If it were possible to arrange in some gallery scenes from the
life of Christ, it would be a display worth seeing. Many rooms
containing the matchless pictures would have a variety of subjects
showing the deepest sufferings and the highest joys. One department
would have over its entrance the word Prayer. Jesus placed
tremendous emphasis on prayer.
Many of the pictures in this collection of prayer would show the
figure of a man going "apart to pray." In this frame
all seems undisturbed and far from the busy haunts of men. Two
pictures stand out. One titled, Morning, and the other,
"And in the morning, rising up a great while before day,
he went out and departed into a solitary place, and there prayed"
(Mark 1:35). It is yet dark. He leaves the city and wends his
way in the hours before sunrise. As the gray of the dawn appears,
we see this man in prayer. What did it mean for him?
It meant preparation for the day's toil. He considered the tasks
and opportunities of the coming day. He must be ready against
its every demand and finds sweet communion with the Father before
It also meant strength for the day and its endless needs. There
must be strength to furnish courage and hope and vigor for the
attack. So we, too, must seek strength for the day.
It also meant that he gave to the day its tone. Every day has
its tone-its atmosphere. Each day as its color. Some are "blue"
Mondays or "black" Fridays, but he had none of these.
For Christ every day had a tone of truth-a color bright and lustrous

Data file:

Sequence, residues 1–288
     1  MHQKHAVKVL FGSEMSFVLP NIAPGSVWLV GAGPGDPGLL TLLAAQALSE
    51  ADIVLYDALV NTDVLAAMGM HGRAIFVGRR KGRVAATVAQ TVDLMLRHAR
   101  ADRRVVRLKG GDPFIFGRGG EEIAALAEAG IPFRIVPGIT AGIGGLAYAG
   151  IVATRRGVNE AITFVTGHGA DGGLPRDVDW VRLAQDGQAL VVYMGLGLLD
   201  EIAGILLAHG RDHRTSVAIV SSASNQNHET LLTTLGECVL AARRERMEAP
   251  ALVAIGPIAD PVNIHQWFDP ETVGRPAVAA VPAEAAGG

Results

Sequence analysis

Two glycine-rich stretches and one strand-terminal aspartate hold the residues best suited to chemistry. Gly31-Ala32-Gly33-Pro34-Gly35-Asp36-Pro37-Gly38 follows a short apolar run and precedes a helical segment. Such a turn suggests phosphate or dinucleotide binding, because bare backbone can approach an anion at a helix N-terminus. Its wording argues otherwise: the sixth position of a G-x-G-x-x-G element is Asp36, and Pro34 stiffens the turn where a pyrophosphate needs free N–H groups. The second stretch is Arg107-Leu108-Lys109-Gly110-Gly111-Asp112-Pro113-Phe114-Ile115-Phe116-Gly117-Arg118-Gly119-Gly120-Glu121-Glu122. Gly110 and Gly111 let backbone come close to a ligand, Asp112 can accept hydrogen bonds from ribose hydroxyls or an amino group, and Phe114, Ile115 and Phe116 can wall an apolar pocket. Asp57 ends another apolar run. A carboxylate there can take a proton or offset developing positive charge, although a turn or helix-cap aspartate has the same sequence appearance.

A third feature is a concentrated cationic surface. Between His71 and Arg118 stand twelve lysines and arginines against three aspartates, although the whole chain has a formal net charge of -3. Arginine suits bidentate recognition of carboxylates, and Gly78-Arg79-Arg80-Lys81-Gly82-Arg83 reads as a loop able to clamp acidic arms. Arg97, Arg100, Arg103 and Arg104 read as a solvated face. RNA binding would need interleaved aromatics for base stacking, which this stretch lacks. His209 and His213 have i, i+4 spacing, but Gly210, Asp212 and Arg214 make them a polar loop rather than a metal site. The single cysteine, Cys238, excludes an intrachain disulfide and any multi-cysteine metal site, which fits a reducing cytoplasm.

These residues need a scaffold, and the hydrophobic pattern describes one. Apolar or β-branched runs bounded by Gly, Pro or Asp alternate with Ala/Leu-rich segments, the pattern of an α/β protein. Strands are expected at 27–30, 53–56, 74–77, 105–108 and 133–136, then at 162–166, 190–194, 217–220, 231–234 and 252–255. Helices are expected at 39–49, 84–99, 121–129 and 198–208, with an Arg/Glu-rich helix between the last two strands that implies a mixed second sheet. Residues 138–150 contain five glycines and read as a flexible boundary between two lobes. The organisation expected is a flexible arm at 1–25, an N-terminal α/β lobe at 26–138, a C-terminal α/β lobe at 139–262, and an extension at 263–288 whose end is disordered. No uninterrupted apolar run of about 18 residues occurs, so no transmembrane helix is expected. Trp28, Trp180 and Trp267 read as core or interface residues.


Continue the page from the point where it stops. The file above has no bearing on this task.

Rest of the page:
- a spirit invincible.
The picture shows the city waking up. Everything now is astir.
Up and down the streets and paths go the disciples, searching
for the Lord. Yet, still, against the sky of a beautiful morning,
we see the solitary figure of a man in prayer.
"And when he had sent the multitudes away, he went up into
a mountain apart to pray: and when the evening was come, he was
there alone" (Matt. 14:23).
In the picture called Evening there is a mountain and a
lonely figure. It has been a busy day crowded with opportunities
to teach. Many have come to see and hear this mighty prophet.
They brought their lame; he healed them. They were hungry, and
he gave them bread. He elevated their depressed spirits. He
sends the multitude away and urges his disciples to leave him
alone for awhile.
Then to the mountain, whose great shadows the receding sun is
casting, goes that solitary figure. The disciples are far away
in the boat; the last of the multitudes is gone; and Christ seeks
solitude and prayer. What did it mean for him?
It meant a recognition of God's part in the day. The day is done,
and he thanks the Father for help and strength. So must we, with
every closing day, thank him for his part in the work of life
and give to him the glad recognition of a loving child.
It was also a request of God to bless those daily labors. No
matter how unpromising the day's task may have been, the Father
can bless the faithful performance of it and make it worthwhile.
So every day can have its pledge of success by asking the blessings
of God, and he can make each day the best.
It was also a humble thanksgiving for the privilege of service
in his cause. Here was our Lord and Saviour thanking God for
the opportunity to work and serve. To be a servant of the Most
High is no small honor and well might the servant thank his Lord.
No day is complete without ending it with deep communion with
him who knows every star by name and sees our naked souls.
These two scenes of prayer, morning and evening, are appealing
to a Christian spirit. In each we see the solitary man of unceasing
prayer. By the lake or in the mountain, before the dawn, or as
the shadows creep, we see his unmistakable lesson. Let each day
begin and end with prayer to uplift our hearts and seal our intents
before his throne.